Instrument Description

The NOAA FPH and ECC Ozonesonde instrument package.


The maximum amount of vapor-phase water that air can hold before the vapor begins to condense (saturation) is strictly a function of the air temperature. If saturated air is cooled slightly, some of the water vapor turns to to liquid, decreasing the amount of vapor. If saturated air is heated slightly the air will no longer be saturated if there is no additional input of water vapor. Placing a cold object in a stream of saturated air will also condense some of the vapor. If the object is cold enough water vapor in non-saturated air will condense. Depending on the temperature of the cold object the vapor condenses as liquid water (dew) or ice (frost). This is the principle behind dew point and frost point hygrometry.

A great example of this principle is how a cold glass of iced tea “beads up” with water droplets on a hot summer's day. The glass cools the surrounding air and some of the water vapor it holds condenses as liquid water on the glass. The temperature at which water vapor in the air begins to condense as a liquid is called the dew point; this depends on how much water vapor is in the air. Dew points below 0°C (32°F), where water vapor condenses to frost (ice) instead of dew, are known as frost points. This physical principle of the frost point temperature is the basis for our hygrometer that measures the amount of water vapor in air.

Iced Tea

Hygrometer Schematic

Block Diagram of the NOAA Frost Point Hygrometer (FPH)

The FPH cools a small polished metal mirror situated in a stream of air until a thin layer of dew or frost (condensate) forms on the mirror. Except in in humid environments near the Earth’s surface, this condensate is almost always frost (ice). Once the thin frost layer is deposited on the mirror the FPH applies pulses of heat as needed to stably maintain the frost layer thickness. This intermittent heating competes with continual mirror cooling by a liquid cryogen to produce the desired mirror temperature. As the amount of water vapor in the air stream changes the mirror temperature is adjusted to maintain the frost layer. The thickness of the frost layer is measured by reflecting a small infrared beam (LED) off it to a photodiode (detector). The reflection signal informs the frost control logic whether or not to heat the mirror. Too weak a reflection signal means that the mirror needs heat (frost is too thick) and too strong a signal means that the mirror needs no heat (frost is too thin). The instrument's microprocessor-controlled feedback loop with Proportional-Integral-Derivative (PID) logic will then heat (cool) the mirror surface to reduce (increase) the frost layer to the desired thickness. This feedback occurs many times per second and produces a consistent thickness of frost on the mirror. The controlled frost point temperature of the mirror is a direct measure of how much water vapor is in the air streaming past it.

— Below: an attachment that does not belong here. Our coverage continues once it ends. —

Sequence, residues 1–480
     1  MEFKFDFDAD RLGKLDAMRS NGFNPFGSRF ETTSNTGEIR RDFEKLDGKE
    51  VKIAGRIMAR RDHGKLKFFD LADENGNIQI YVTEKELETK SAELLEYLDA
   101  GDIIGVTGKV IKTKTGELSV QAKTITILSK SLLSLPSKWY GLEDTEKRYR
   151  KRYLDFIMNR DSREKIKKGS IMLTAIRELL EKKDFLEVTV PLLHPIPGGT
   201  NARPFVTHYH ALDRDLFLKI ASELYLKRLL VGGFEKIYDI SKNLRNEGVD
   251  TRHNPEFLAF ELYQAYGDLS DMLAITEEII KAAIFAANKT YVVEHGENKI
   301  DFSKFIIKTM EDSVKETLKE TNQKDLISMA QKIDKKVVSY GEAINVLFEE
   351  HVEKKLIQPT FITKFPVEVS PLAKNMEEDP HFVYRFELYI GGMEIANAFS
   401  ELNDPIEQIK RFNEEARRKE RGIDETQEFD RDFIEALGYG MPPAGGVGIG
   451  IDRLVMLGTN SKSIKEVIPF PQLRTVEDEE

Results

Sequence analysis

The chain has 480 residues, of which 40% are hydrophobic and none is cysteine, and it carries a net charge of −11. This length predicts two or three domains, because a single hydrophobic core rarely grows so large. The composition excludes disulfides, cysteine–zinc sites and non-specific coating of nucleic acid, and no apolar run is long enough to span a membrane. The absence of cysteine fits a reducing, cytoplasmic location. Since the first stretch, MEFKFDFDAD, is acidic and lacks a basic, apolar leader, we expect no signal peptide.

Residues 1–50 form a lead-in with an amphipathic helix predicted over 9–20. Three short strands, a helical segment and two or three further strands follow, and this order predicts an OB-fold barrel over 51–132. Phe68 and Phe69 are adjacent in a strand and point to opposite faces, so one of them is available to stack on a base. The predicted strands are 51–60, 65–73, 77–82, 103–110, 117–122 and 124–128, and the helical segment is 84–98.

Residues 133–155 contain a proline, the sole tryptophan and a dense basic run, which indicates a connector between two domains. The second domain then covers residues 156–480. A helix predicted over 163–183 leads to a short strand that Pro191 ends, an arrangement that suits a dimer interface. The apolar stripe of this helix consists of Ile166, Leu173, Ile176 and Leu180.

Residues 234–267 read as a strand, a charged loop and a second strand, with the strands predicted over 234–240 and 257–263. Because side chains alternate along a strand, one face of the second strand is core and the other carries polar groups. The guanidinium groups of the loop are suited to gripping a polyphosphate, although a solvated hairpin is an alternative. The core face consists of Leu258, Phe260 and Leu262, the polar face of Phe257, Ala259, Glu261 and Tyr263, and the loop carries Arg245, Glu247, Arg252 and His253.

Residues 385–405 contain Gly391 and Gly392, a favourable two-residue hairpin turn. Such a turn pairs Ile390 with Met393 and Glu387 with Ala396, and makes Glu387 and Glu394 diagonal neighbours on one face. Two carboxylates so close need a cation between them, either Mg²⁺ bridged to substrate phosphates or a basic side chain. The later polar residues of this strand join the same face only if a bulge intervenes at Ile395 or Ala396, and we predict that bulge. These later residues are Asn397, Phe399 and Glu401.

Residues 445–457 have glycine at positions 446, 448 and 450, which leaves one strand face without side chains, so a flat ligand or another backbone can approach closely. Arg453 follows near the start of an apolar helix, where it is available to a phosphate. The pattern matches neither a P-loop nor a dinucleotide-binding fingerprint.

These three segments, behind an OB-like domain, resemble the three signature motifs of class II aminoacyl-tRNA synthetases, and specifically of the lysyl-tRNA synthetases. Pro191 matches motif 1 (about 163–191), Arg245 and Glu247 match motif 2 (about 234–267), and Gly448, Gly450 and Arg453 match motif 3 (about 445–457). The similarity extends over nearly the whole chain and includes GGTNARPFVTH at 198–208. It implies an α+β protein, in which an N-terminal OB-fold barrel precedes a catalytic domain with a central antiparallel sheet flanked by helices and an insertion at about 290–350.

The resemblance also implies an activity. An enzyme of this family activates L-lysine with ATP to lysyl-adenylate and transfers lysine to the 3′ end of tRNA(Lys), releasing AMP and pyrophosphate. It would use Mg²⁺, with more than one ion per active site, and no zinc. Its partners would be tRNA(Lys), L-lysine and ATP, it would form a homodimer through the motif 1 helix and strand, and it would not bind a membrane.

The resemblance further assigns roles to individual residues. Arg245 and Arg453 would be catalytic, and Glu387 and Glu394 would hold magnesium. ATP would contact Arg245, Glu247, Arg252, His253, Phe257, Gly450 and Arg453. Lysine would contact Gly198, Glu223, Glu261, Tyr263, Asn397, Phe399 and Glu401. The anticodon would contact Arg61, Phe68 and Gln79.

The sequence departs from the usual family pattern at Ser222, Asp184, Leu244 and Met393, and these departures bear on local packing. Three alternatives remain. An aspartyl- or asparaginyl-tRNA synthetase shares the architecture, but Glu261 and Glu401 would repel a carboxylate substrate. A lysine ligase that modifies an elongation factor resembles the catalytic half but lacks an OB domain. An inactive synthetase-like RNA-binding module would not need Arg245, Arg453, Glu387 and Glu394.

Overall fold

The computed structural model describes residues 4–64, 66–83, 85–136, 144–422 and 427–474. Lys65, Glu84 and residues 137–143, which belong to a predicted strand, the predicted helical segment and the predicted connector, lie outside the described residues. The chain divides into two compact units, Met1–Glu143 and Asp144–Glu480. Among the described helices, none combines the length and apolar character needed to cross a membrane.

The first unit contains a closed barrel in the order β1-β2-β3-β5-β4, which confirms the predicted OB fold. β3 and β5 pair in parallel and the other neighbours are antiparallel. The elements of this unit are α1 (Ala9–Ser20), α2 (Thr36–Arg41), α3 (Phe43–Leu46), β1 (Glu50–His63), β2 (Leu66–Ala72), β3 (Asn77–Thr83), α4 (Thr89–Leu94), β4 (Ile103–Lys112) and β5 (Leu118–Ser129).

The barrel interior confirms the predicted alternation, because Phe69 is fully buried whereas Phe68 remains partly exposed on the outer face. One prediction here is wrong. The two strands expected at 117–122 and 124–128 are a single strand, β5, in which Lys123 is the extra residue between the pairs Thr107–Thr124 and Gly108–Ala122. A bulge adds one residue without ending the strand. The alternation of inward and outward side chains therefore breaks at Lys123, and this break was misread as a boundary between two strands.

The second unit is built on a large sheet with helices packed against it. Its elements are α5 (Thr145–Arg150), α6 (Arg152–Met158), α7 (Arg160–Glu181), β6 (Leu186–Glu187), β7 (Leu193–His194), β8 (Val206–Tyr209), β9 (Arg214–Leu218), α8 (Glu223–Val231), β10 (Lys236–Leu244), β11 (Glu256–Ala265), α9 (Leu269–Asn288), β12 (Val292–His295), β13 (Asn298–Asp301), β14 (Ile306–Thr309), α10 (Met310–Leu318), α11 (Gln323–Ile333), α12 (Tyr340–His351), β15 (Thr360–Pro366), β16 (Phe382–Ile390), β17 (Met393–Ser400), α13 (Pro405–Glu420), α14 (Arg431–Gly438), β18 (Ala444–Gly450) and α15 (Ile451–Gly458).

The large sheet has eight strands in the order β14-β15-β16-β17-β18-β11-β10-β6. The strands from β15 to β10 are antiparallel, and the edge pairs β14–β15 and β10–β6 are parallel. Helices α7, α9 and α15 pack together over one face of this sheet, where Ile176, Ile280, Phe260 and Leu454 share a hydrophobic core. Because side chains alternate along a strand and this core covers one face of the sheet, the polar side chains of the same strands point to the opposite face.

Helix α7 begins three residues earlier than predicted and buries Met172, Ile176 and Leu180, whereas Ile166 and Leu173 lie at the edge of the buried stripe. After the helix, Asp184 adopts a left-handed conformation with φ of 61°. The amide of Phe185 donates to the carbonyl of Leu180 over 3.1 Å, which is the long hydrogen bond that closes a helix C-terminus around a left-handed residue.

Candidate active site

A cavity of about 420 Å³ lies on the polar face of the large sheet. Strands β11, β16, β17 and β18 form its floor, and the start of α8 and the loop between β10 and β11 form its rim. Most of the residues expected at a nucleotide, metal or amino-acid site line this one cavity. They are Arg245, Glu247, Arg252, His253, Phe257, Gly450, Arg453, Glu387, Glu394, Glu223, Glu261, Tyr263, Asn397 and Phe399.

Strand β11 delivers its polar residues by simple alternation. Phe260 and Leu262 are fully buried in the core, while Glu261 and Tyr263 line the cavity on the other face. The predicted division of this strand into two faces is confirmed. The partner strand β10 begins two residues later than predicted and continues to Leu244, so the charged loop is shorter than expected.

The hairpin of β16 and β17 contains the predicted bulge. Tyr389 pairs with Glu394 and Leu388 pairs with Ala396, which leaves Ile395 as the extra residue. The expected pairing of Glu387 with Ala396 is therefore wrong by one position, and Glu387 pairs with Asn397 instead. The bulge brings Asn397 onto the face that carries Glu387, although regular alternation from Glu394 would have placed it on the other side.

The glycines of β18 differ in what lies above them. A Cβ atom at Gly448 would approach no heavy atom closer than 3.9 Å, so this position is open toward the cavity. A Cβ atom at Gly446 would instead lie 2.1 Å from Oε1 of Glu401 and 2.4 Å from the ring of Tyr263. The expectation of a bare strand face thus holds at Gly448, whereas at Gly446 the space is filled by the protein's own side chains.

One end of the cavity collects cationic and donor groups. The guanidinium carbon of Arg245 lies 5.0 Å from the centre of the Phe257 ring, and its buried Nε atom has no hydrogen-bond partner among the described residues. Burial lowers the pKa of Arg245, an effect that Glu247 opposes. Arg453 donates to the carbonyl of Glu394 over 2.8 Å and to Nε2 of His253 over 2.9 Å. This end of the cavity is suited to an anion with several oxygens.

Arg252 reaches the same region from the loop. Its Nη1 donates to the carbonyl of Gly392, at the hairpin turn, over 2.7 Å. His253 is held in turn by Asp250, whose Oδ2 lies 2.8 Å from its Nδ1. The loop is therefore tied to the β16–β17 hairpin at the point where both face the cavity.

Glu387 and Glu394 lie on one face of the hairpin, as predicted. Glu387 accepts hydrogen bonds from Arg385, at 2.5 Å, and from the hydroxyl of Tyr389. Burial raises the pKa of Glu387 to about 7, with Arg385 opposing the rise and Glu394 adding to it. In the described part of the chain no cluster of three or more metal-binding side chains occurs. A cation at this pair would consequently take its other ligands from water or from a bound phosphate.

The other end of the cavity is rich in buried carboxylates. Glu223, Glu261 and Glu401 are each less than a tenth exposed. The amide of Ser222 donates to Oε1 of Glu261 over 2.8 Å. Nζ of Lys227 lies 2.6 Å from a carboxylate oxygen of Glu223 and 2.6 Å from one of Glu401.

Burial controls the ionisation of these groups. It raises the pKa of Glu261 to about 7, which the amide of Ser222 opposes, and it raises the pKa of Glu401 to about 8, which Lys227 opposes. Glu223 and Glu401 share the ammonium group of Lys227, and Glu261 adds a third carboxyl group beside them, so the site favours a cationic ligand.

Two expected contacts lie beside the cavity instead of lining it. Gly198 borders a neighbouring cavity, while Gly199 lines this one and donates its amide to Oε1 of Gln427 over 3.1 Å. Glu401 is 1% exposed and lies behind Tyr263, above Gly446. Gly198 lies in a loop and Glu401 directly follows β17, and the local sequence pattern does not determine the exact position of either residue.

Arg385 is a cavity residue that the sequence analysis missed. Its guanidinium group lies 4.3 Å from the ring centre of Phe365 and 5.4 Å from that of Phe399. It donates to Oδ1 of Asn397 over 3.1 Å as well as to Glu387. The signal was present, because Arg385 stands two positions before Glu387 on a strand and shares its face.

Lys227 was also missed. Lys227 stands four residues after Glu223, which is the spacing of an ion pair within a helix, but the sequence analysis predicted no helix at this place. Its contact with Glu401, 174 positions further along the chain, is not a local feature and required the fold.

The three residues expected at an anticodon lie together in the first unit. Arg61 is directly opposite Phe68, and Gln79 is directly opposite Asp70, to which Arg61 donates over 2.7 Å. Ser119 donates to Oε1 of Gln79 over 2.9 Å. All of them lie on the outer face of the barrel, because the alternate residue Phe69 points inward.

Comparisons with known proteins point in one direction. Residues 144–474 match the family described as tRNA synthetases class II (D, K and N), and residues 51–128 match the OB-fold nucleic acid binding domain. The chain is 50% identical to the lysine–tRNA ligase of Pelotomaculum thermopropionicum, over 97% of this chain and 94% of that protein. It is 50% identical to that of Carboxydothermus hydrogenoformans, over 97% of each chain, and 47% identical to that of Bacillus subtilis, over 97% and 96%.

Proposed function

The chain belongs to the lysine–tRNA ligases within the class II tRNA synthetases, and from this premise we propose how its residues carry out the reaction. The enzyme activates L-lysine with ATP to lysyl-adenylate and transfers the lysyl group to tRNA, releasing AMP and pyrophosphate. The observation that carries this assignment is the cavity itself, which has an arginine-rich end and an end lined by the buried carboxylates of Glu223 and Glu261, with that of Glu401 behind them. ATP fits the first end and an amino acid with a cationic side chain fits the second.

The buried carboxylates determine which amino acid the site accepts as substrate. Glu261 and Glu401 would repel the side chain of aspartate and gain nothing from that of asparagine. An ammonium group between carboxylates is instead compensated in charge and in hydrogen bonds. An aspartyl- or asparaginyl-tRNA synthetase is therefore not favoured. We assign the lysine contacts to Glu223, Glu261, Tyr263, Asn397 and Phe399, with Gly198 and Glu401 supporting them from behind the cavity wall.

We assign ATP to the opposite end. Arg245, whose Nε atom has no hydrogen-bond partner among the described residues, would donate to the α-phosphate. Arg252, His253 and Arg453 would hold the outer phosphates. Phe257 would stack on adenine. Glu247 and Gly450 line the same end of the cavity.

Once a balloon is launched there is no physical connection (cable or wire) between the instruments and the ground. Instead, data packets from instruments are transmitted at radio frequencies near 403 MHz by a radiosonde. These telemetered data are received on the ground with an antenna, preamplifier, and high-resolution radio frequency receiver, then are ported to a PC running custom software that records and displays all the parameters measured during a flight. Today’s software (SkySonde) was written specifically for use with International Met Systems (InterMet) iMet-1-RSB radiosondes; our previous software supported Vaisala RS80 radiosondes that are no longer made.


FPH Microprocessor Control Board


Typical balloon soundings use helium to lift the payload at ~5 m/s (11 mph) until the balloon bursts at ~30 km, at which point the payload falls at speeds >30 m/s (>70 mph) despite the efforts of a small parachute. Since our main scientific objective is to obtain high quality water vapor measurements with the FPH during both the ascent and descent phases of each flight, we employ a simple automated valve in the neck of each balloon that releases helium from it to prevent burst. The valve effectively turns the balloon around, from ascending to descending, avoiding the balloon bursting and the payload rocketing down. The valve system includes a miniature pressure sensor that, when reaching a pre-set low-pressure threshold (~16 hPa), sends a signal to open the valve in the neck of the balloon. Once the valve is open the helium slowly releases from the balloon and the payload descends at a controlled rate of ~5 m/s (11 mph). This valve is further described in a publication by Kräuchi et al. [2016].


In some cases it is desirable to recover the payload after a flight for the purpose of instrument re-use. We utilize Global Positioning System (GPS) data telemetered from the payload to track the balloon using a car-based GPS receiver, laptop computer, and software that displays the current payload location on a road map and provides a rough estimate of where the payload will land. This mobile setup has proven highly effective in recovering payloads, even after they have descended from altitudes >30 km (98,400 ft).